How to Learn English in England

30 September 2012
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ESOL means English for Speakers of Other Languages and it is generally used to refer to English language courses for non-English speakers living in the UK. This blog series will dig deep into some of the current issues with the ESOL system and how it can be improved. This post will outline the system, as a whole, as to how migrants learn English in England (and other parts of the UK).

Reasons to take an ESOL course

ESOL can be for both children and adults. For children, this is usually part of their school curriculum, whereas for adults things are much more complicated and diverse. ESOL courses can be taken by adults for four main reasons: to make life easier in the UK, to get a better job, to apply for a visa, or to apply for British citizenship.

Make life in the UK easier: ESOL classes can also be taken to improve the overall English level of a person in order to improve his/her social interactions and daily life.

Increase employability: there are three different ESOL qualifications recognized by the National Qualification Framework that can help people increase their chances of employment:

1)    ESOL Skills for Life certificates aim at improving adult literacy;
2)    ESOL for Work qualifications are designed for people in work or seeking  work;
3)    ESOL International qualifications are for people who want to get in higher education or in professional employment in the UK.

Apply for a visa: proficiency in English is of one of the core requirements to obtain a visa under Tier 1, 2 and 4 of the points-based system and only specific qualifications are accepted and recognized by the UK Border Agency.

Gain British citizenship: to obtain British citizenship you have to pass the Life in the UK test. If you speak and write English (or Welsh or Scottish Gaelic) to a reasonable standard, you can seat the test without any problem. If your level of English is below ESOL Entry 3 level, you need to attend an ESOL course with citizenship that has to meet certain requirements.

Where to study?

There are three main groups of providers of ESOL courses:

Colleges: colleges organise courses that cover a range of five different levels that award qualifications that are recognized by the National Qualification Framework. These courses can be taken on a full-time or on a  part-time basis. They can last from a few weeks to one year and there is a lot of flexibility about attendance times.

Non-profit associations:

– Religious institutions and cultural associations linked to these often organise ESOL courses. Many churches and mosques offer this service in London;
– Refugees, asylum seekers and migrants support charities often have ESOL courses among their services;
– Many migrant community associations have specific ESOL courses run in the community’s mother language and that sometimes target particular groups (women, men, unemployed people);
– Local councils sometimes organise ESOL courses through library or community orgnisations.

The range of ESOL courses organized by the non-profit sector is very wide. Sometimes they are organized according to NFQ levels, while other times they use the European framework. In terms of content, some institutions run general drop-in ESOL classes, others run specific courses to which one has to enroll and a few institutions are even able to organize ESOL courses that help students get a qualifications. Most of the courses run by the charity sector are free or if the course leads to a qualification a contribution is sometimes required.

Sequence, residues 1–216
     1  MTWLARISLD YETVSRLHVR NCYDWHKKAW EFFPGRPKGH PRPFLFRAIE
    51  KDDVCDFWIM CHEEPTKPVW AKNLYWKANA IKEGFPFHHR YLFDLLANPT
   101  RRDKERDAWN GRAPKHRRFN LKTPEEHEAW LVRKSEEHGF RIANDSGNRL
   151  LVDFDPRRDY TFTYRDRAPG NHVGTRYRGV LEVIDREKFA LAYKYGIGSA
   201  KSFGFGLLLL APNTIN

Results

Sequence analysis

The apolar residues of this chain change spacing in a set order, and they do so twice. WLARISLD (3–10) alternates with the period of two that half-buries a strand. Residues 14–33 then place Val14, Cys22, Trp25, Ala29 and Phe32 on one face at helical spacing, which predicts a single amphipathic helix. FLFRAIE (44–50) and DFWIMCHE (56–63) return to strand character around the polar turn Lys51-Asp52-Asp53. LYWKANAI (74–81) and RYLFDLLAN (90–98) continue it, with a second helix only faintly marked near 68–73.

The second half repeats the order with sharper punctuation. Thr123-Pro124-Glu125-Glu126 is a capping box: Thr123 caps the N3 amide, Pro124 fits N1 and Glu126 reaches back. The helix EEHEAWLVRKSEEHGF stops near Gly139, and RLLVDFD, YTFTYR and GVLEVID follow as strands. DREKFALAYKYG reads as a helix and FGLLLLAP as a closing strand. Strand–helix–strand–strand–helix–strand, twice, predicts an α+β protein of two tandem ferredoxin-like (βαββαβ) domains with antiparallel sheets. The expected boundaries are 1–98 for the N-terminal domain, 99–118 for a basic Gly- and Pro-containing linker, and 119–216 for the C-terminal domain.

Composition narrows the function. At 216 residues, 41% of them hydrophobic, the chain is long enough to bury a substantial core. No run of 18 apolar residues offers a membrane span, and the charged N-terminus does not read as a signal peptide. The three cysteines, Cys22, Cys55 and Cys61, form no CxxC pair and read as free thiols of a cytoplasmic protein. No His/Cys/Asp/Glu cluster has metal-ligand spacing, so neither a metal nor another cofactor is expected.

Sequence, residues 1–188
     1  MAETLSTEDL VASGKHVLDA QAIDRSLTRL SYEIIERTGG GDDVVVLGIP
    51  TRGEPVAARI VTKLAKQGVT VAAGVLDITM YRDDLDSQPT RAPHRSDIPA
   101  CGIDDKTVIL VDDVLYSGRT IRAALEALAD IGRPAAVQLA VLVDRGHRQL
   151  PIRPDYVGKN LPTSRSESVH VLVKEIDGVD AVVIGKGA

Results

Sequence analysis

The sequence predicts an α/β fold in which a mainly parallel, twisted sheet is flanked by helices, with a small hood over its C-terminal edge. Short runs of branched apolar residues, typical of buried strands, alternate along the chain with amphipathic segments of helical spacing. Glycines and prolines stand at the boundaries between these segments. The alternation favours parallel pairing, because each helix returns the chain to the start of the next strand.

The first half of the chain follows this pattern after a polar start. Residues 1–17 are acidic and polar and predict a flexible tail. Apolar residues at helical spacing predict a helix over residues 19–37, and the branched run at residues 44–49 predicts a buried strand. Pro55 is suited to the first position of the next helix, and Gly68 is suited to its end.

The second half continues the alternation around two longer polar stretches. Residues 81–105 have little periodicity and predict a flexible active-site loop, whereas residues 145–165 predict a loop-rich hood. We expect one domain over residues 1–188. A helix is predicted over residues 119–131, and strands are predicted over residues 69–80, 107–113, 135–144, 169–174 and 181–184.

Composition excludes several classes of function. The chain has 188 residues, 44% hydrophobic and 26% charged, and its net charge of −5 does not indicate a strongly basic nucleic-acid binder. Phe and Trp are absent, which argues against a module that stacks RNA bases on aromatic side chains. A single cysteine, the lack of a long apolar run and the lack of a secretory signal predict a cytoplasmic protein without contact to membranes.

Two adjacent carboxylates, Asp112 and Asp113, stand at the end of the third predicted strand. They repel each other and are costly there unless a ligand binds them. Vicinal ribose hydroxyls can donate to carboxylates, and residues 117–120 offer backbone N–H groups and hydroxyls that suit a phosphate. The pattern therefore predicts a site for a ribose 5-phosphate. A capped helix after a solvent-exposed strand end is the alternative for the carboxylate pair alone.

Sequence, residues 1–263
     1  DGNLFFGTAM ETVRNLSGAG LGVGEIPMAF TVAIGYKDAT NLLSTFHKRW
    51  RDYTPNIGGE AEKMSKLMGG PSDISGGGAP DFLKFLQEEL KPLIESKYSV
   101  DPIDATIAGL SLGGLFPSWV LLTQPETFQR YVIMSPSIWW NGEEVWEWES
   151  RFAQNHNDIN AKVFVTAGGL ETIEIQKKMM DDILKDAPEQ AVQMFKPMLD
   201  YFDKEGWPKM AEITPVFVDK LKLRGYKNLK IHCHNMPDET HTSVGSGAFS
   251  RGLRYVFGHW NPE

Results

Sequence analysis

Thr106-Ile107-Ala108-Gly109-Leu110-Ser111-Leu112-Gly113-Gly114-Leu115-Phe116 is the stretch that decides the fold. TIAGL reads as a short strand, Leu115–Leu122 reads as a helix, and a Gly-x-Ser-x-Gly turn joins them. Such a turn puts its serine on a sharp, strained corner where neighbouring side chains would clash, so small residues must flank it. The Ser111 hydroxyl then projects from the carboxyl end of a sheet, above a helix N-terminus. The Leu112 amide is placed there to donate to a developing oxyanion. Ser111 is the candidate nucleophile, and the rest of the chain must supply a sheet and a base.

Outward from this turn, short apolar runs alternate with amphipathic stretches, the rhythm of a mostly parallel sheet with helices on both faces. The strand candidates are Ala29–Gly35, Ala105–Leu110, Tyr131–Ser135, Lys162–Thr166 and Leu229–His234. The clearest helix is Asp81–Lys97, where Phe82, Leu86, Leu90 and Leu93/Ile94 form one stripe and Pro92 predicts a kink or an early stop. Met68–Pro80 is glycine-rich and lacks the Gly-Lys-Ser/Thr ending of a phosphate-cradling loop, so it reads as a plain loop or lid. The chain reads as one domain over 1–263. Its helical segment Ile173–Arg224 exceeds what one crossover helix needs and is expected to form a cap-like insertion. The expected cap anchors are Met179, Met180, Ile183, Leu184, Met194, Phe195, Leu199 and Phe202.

Online self-taught courses: some of these are paid services, while others are free. They are not as complete as a real course but they represent a very useful and versatile tool for students to practice.

The Funding Issue

The funding issue is probably the most controversial and the one of the most influential factors that affects access to ESOL classes in the UK. ESOL courses given by colleges have fees that can even reach £1000. People in receipt of active benefits have the right to full fee remission (free), whereas people on inactive benefits do not. Nevertheless, colleges have the power to sometimes fund unemployed individuals on inactive benefits who want to get trained with the aim of entering employment. These places require that students promise that they will look for a job after getting the qualification by signing a self-declaration. When fully funded, a student pays only the registration fee, which generally is around £30-50.

Conclusions

There are lots of types of ESOL courses in the UK and there are many channels through which a potential student can access ESOL education. The real problem is that for someone with a low level of English it is difficult to find reliable and clear information about ESOL qualifications and courses. There is not an official national network that produces the necessary information.

The Direct.gov page about ESOL does not help someone looking for concrete advice: it does not give precise information, it links to other pages that deal with adult education in general and not ESOL  and it provides phone helplines in only seven languages apart from English. Moreover, every college advertises courses in different ways and a person can easily get confused, especially when thinking about the cost.

Many workers in the charity sector confirm that most ask their friends for advice. It is through word of mouth that they get in touch with charity organisations and then, after attending a beginner course and with the help of the organisation, they feel confident enough to attend a college and get a nationally recognized qualification. Helping migrants learn English in the UK is based more on the charity sector’s commitment and on advertising by colleges than on a real strategy by the government.

 

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